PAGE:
Huge congrats to you on getting to a 16! That’s fantastic! I would second what others are saying regarding switching up your exercise regime, and possibly going to a doctor. It’s likely nothing is wrong, but if you have a good rapport with your doctor, they may be able to give you some tips and suggestions on diet and exercise.
I lost about 100 lbs within a year and a half. For me, it started when my first marriage ended. I started eating strictly what I wanted to eat, and took walks just to get out of the house (I still lived with the ex at the time, due to financial reasons). I found it a great way to clear my head. I will admit I wasn’t particularly doing it the healthy way at first (eating only salads, was calorie hoarding, not eating when I was depressed, etc.) I stopped losing, felt like crap, and finally went to my doctor. She helped me with healthy eating ideas and realistic weight goals. I found that my portion sizes had shrunk, and I’d lost much of the taste I used to have for certain things (no more major dessert cravings, etc), so I tend to eat a bit better.
I’ve always had hypothyroidism, so I made sure to monitor that often. I’ve also been on and off diets since I was a child. Every summer, I’d be on weight loss boot camp with my grandmother. I was on low carb, low calorie, low sugar, you name it. I was also on Weight Watchers about 12 years ago, which helped out at the time (though this is the first time I’ve ever kept it off).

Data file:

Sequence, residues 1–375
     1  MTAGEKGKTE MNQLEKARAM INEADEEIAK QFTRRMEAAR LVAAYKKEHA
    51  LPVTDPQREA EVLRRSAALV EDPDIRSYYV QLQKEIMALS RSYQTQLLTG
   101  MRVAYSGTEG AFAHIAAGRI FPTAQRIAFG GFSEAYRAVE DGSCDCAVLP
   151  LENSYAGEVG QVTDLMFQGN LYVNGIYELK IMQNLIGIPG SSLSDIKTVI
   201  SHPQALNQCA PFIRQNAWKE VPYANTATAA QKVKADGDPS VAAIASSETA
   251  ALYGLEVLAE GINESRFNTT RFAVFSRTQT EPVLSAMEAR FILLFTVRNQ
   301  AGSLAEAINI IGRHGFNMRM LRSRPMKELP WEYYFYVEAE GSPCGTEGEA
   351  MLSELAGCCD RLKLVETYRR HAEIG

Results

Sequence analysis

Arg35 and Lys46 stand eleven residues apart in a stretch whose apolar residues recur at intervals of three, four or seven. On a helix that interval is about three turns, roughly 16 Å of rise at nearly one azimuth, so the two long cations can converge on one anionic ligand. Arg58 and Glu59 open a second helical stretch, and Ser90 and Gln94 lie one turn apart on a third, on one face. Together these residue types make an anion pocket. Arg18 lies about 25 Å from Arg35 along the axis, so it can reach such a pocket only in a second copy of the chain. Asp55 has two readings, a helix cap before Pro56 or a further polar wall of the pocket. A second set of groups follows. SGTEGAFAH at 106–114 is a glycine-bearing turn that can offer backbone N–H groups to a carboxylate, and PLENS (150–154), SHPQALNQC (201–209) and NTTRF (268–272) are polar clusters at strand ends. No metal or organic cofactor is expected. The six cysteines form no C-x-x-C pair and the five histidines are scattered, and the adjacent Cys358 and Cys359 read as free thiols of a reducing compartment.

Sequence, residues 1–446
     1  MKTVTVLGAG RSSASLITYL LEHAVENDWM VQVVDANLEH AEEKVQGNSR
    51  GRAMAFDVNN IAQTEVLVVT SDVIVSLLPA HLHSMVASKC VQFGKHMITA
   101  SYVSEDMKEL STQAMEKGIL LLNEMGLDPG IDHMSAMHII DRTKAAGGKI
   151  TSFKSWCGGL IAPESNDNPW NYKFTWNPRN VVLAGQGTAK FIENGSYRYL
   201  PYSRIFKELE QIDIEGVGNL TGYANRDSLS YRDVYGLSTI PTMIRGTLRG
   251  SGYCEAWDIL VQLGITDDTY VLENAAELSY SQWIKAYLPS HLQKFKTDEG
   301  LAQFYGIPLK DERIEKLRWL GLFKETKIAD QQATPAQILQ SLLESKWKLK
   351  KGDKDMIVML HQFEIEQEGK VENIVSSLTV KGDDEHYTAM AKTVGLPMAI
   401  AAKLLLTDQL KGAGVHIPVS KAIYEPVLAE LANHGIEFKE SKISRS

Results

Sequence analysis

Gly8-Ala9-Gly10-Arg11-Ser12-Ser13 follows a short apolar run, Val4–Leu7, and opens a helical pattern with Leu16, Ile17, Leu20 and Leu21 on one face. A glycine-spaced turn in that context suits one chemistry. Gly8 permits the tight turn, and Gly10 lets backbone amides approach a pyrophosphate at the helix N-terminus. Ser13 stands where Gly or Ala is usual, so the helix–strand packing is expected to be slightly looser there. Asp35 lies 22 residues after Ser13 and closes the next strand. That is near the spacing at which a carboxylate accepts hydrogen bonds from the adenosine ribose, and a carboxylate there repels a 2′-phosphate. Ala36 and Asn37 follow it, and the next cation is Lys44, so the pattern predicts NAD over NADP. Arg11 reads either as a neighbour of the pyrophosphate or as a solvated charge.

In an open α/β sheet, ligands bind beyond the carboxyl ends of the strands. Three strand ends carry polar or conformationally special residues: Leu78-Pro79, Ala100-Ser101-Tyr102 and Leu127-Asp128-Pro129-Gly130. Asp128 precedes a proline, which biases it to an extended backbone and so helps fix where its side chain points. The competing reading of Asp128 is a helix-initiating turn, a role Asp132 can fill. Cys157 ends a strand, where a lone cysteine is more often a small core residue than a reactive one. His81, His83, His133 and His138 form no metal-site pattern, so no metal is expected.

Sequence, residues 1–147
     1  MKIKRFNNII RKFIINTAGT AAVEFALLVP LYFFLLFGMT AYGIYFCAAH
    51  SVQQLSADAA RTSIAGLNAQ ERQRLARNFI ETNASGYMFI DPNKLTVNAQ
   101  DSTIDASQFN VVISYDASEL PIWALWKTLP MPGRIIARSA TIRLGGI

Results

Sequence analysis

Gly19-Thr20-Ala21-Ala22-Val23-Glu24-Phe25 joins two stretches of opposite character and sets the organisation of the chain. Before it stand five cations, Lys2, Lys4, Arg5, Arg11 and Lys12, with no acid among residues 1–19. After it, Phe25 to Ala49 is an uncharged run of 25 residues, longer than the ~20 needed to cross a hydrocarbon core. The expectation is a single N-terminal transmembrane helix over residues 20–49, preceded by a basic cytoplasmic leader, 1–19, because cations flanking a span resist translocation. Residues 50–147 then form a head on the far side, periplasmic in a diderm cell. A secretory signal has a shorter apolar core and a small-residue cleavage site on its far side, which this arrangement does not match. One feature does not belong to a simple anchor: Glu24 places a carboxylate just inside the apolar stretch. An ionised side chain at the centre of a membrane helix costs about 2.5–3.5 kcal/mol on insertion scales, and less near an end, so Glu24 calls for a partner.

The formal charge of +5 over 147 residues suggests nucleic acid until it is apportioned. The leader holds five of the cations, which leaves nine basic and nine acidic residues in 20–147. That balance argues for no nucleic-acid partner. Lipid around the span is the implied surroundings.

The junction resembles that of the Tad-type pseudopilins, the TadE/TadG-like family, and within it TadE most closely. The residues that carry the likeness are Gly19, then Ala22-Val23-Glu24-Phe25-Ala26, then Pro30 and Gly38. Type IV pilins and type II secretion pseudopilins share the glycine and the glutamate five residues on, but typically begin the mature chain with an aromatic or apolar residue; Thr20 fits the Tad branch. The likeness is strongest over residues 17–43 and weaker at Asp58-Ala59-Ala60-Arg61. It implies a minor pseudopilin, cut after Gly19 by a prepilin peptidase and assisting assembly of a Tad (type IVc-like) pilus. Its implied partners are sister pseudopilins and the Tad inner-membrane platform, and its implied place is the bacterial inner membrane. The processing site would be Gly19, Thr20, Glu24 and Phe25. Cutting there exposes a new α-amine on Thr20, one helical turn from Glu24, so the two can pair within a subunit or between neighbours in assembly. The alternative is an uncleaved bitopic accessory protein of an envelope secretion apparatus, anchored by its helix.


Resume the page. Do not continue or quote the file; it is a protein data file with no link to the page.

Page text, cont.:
Some of what’s helped me, both to stay motivated and to keep the weight off:
1) Realistic and easily obtainable goals. I had it in my head that I would be happy at 200 lbs and a size 14 (I’m 5’9″, started at a bit over 280). But I’d set smaller goals, like ten lbs. Then, when I hit that, I’d say “Okay, ten more”.
2) Not getting hung up on cheating. I used to feel like, if I fell off the wagon once, I’d shot myself in the foot and gorge myself for a week (undoing most of my work). When I was on WW with co-workers, we would set a date every two or three weeks where we’d go to a pub after work and “cheat”. We knew we were going to get that treat at a regular interval, plus we knew it wasn’t going to kill us, so no sabotage due to guilt.
3) Pushing the exercise, no matter what. I’m struggling with this now. I used to have a hilly, quiet cemetery near where I lived. I’ve since moved to the city and there’s nowhere to walk that is really nice and grassy. With school being out (I walk to school), I needed to find something. I’m doing the 30 Day Shred dvd. It’s not always fun, and I have to push mysel to do it sometimes. But I feel good after doing it.
4) Do not stress yourself over it. Every single goal is something to be proud of. If you end up a size 18 instead of a 16, be damn proud of that, because it’s a huge accomplishment. Every pound less, every inch smaller, every size shift is something you should celebrate.
5) Even a ten % weight loss makes you healthier. My doctor told me that losing 10% of my weight will cut my chance of heart disease and other weight related issues in half. Ten lbs was the difference between my knees hurting when I walked and them being fine.
6) Muscle weighs MORE than fat. If you’re working out in any way, you’re going to build some muscle. Don’t always go by the scale weight, but by your actual size.
I went from a size 22 at my largest, to a 12 now. I started about 285 (estimated because I used to avoid scales), and I’m about 185 now. I would like to lose some more, or at least tone myself up a bit. My skin is a bit hangy, and I feel like my inner thighs aren’t any smaller than they used to be. I’ve gained a bit in my stomach the past few months (I was off my thyroid meds, plus I hadn’t been exercising. Weight stayed the same, but I lost muscle). It bummed me out, then scared the hell out of me, but I didn’t give in to completely blowing what I’ve accomplished so far by binging (which I used to do).